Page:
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Could We Propose Thermoelectric Filament?

 Harvesting heat into electricity (image courtesy of MIT)

Harvesting heat into electricity (image courtesy of MIT)

I’m reading some interesting research from MIT researchers, who have developed a substance with vastly improved thermoelectric properties. 

Thermoelectric refers to the ability of a substance to emit electricity when one side is heated. Heat becomes electricity, essentially. 

Such substances are currently available, but they are incredibly inefficient, capturing at most 8% of the heat energy. But the MIT researchers found a way to squeeze a lot more electricity out of the process. 

In their concept, the thermoelectric material is heated - as always - but also is subject to a strong magnetic field. This magnetic field helps divert electrons toward one side of the material, creating the electricity. They’ve been able to more than double the electrical output of a thermoelectric setup using this approach. 

That’s all fine, but then I wondered whether the opportunity might exist in the future for a kind of “thermoelectric” material for use in 3D printing.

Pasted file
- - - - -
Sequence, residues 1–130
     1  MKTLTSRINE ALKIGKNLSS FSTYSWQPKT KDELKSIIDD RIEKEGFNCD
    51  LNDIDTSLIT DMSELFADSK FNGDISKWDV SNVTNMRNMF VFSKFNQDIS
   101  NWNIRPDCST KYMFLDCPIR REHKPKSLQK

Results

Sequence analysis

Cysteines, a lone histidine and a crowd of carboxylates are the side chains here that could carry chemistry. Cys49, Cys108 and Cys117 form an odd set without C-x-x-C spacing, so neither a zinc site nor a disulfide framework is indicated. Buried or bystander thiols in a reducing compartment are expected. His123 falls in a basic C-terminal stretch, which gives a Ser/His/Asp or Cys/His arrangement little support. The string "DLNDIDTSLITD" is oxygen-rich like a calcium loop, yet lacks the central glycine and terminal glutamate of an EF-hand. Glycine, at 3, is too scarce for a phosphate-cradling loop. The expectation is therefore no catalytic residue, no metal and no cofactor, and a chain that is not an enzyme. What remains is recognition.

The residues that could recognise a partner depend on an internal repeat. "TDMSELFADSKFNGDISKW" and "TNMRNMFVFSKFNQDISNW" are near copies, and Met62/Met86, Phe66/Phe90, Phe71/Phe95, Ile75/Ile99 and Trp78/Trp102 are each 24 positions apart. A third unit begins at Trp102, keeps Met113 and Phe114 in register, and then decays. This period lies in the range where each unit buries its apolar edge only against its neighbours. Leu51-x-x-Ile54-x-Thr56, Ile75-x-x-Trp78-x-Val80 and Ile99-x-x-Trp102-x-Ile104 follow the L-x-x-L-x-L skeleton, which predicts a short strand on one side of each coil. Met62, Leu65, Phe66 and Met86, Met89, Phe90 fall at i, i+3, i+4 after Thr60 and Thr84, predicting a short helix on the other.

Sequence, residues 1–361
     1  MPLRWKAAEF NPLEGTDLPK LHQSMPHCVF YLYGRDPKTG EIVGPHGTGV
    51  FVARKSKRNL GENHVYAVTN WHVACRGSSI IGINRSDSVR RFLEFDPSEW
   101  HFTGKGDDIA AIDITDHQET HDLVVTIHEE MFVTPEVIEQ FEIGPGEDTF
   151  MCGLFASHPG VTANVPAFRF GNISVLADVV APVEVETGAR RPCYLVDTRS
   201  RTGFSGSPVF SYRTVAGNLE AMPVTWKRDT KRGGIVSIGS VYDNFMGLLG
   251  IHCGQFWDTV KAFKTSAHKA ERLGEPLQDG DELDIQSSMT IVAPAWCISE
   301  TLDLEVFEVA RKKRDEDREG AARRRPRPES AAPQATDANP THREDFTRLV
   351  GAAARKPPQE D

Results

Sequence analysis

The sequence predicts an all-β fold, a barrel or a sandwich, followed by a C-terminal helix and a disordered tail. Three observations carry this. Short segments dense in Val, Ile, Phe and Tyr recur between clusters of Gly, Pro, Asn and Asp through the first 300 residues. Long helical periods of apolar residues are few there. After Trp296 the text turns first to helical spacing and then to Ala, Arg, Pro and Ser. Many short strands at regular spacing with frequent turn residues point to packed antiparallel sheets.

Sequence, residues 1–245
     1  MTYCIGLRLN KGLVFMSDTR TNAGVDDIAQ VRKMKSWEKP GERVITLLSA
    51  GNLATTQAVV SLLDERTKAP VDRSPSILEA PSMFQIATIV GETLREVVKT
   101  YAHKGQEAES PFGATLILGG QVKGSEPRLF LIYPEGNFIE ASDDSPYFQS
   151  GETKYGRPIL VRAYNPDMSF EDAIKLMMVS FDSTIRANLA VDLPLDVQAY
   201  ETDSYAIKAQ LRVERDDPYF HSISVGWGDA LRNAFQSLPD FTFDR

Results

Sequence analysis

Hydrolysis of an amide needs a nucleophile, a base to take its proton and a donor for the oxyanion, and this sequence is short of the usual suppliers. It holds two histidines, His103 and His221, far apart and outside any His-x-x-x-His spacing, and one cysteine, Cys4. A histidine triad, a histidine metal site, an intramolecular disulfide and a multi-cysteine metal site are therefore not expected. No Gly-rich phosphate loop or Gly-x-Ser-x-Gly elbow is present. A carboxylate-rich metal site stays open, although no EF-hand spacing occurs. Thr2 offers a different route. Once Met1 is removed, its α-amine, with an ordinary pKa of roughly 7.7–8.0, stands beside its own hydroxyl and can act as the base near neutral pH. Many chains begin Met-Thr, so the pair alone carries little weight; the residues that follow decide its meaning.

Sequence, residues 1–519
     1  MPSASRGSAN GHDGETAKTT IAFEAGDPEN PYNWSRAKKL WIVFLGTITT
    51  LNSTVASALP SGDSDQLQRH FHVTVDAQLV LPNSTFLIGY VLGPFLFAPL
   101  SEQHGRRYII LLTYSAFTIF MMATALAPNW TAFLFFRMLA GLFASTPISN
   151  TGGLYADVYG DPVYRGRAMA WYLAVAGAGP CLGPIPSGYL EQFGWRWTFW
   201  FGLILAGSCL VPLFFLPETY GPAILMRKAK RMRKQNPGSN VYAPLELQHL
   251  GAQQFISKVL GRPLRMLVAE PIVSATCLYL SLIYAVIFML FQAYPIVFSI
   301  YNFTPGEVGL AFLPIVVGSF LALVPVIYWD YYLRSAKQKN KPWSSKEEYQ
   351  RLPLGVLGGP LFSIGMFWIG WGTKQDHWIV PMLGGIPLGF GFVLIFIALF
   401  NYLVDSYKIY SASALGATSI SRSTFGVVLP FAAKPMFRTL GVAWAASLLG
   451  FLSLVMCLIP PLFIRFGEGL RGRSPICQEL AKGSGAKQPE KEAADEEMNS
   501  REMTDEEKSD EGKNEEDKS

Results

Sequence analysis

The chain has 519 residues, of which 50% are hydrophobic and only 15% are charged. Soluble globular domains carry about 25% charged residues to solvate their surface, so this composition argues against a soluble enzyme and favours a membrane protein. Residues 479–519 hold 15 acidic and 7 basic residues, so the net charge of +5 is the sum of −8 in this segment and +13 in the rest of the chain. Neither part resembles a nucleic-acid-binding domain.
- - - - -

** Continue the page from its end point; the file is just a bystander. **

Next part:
Imagine if you could, with a multimaterial 3D printer, produce an object with an embedded thermoelectric element that could capture heat and transform it into electricity. 

We’ve already seen others develop electrically conductive filaments that can, with the same type of 3D printer, drop crude electrical circuits embedded deep within an object, tracing three dimensional pathways. 

But those electrical ventures are merely the wiring and not the power source. Usually a void is created to accommodate a battery, or a plug connection is created to absorb external power. 

In the future it may be possible for a 3D printed object that’s near heat to generate its own electricity. 

Another use for this technology would be to contribute to a power bus within an entire system. Within some product designs there may be several areas in which heat is generated. An efficient approach might be to identify each such area and enclose it with a 3D layer of thermoelectric material to capture the energy and add it to a central supply. 

But this is all entirely speculation and we’ll have to wait until the researchers finalize and commercialize their discoveries. 

Via MIT

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